What is a Psychopath?
The term “psychopathy” originated in 1891 in Germany. Psychopathy referred to antisocial behaviour. In 1959, “psychopathic disorder” became a legal category in the UK. It meant: a persistent disorder or disability of mind which results in abnormally aggressive or seriously irresponsible conduct.”
Then in the 1980’s, the American term “Sociopath” came into wide usage as it emphasised the predominantly social nature of psychopathic behaviour and may have been less stigmatising than the term “psychopath”.
In 1992, the World Health Organisation (WHO) described a sociopath as characterised by at least three of the following:
Callous concern for others , lack of empathy
persistent attitudes of irresponsibility and disregard for social norms and rules
incapacity to maintain enduring relationships but without having difficulty in establishing them
low tolerance for frustration Leading to aggression or violence
incapacity to experience guilt
tendency to blame others
Sociopaths or psychopaths are people with a personality disorder . They are not suffering from mental illness yet their conduct is so abnormal but they are considered to be psychiatrically disordered . They seem unable to confirm to societal norms and their interpersonal relationships tend to be erratic
the common characteristics of a psychopath
disregard for the feelings of others
unwarranted mistrust of others resulting in jealousy envy and guardedness
hypersensitivity feeling misjudged by others
limited emotional expression
Acting aggressively when frustrated
the inability to learn from experiences including the effects of punishment
superficial charm with manipulative tendencies
inability to maintain close relationships . Their relationships are often characterised by instability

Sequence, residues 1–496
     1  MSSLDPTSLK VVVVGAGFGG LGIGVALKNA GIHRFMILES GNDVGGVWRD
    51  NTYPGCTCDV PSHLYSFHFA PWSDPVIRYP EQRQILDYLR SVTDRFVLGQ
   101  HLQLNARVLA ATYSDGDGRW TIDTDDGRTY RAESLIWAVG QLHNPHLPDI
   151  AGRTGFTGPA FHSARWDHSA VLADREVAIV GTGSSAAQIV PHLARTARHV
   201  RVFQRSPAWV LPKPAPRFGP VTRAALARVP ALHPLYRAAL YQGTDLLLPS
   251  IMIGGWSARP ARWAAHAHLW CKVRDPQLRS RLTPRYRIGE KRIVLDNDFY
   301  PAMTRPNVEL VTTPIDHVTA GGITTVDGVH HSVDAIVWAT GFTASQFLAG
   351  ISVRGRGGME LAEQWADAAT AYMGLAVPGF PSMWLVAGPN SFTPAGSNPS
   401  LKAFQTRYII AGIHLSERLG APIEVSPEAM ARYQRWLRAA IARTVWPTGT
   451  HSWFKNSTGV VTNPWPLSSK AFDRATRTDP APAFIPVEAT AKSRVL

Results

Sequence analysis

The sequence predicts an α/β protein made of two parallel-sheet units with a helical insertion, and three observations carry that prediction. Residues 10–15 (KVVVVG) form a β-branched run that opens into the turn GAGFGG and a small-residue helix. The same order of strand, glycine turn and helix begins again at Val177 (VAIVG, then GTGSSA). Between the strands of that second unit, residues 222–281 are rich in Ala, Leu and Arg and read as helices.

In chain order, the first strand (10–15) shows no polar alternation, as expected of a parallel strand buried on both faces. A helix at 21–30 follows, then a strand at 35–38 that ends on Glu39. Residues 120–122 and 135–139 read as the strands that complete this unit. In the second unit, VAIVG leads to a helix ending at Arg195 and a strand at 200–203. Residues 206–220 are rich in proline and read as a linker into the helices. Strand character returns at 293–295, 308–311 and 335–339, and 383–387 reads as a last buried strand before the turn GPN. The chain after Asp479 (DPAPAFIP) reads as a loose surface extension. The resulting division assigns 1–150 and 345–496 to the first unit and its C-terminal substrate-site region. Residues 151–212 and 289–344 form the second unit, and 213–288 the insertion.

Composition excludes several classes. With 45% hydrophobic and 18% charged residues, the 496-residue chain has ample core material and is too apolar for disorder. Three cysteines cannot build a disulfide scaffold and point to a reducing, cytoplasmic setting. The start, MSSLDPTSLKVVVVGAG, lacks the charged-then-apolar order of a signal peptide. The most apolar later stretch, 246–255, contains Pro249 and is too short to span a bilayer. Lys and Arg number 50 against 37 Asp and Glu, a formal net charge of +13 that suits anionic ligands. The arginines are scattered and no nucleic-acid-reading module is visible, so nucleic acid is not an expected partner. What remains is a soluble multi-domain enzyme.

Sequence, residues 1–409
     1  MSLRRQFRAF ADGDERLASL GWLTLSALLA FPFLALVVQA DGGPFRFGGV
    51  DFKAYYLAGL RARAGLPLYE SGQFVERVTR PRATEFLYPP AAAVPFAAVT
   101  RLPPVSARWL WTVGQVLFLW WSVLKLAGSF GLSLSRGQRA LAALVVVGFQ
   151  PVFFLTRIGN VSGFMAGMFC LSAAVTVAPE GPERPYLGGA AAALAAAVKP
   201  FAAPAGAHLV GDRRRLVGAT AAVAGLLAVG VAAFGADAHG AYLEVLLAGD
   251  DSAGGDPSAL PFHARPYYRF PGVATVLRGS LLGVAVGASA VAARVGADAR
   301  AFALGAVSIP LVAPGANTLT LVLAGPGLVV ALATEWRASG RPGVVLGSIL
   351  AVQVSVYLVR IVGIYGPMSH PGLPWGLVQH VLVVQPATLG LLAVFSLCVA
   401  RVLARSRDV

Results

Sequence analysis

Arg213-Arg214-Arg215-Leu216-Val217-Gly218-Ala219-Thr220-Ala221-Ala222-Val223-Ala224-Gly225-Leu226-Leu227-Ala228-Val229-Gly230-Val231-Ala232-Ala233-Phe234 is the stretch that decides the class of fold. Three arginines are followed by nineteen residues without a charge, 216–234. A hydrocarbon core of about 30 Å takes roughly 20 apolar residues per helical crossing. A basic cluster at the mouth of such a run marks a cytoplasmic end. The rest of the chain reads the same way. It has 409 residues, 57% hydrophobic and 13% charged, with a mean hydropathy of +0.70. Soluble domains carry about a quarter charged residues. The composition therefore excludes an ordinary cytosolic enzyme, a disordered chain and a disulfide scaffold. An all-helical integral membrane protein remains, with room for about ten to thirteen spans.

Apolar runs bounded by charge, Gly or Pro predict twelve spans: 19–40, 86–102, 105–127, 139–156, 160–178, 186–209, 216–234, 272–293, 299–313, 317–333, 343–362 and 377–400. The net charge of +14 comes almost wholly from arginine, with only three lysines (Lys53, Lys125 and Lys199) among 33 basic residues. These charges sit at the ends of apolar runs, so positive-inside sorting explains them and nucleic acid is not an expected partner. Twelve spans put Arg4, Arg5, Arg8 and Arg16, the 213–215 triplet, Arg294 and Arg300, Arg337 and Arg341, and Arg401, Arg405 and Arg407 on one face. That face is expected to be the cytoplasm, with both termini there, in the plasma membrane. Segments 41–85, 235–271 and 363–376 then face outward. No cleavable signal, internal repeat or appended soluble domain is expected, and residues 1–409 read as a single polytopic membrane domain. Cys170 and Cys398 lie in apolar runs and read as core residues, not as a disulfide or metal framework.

poor identity with uncertainty in areas such as self image and personal values
a tendency to blame others for their own behaviour
Psychopaths lack empathy
Narcissists, psychopaths, and sociopaths do not have a sense of empathy. They do not and will not develop a sense of empathy, so they can never really love anyone. This doesn’t change when they have children. There is a large overlap between narcissists and sociopaths/psychopaths – the lack of empathy, their selfishness and their desire to please themselves at the expense of others. People are merely objects, a means to an end.
Personality disordered individuals can easily fool others. They can cry when they need to and feign empathy. Their lack of empathy eventually shows through though. The fact that they lack true empathy means they have to act, and they don’t have the typical responses that health empathetic individuals possess.
They will rarely go out of their way to help you problem-solve. They will generally leave you to sort your own problems out by yourself, unless your problems directly impact upon them.
If something upsets you, they won’t be able to really understand what you are going through. They are unable to put themselves ‘in other people’s shoes’.
They will quite happily engage in selfish and self-serving behaviour and not consider the impact of their behaviour on those around them. If you do something similar though, be prepared for a backlash. They are the ultimate hypocrites.
A mentally healthy individual will feel a certain amount of guilt if they let someone down. A narcissist or psychopath won’t feel any guilt. They won’t give it another thought. Beware if you let them down though!
To investigate how psychopathic brains differ from normal ones, Tillem had 172 participants first undergo a psychopathy evaluation to determine their degree of factor one and factor two traits.
Factor one traits:
Superficial charm, difficulty forming relationships, and lack of empathy
Factor two traits:
Each participant then underwent an electroencephalogram (EEG) brain scan. Electrodes are placed around a participant’s head to record electrical activity in different areas of the brain. The EEG data showed the efficiency and connectivity of the participants’ brains.
Tillem found that participants with high levels of factor one psychopathic traits had less efficient neural communication, and that their neural connectivity is more line-like. This inefficiency could explain why individuals with factor one traits might only process the personal benefits of an action and not the social or moral consequences of it, such as breaking the law or damaging a relationship.
However, what surprised Tillem was participants with high levels of factor two psychopathic traits had hyper efficient neural communication, meaning that their neural connectivity was even more star-like than the brains of non-psychopathic individuals. A possible reason for this, Tillem guesses, is that super high efficiency comes at a price of lower reliability. That could explain why individuals with factor two traits typically act normal, but during times of high stress, tend to make reckless and impulsive decisions.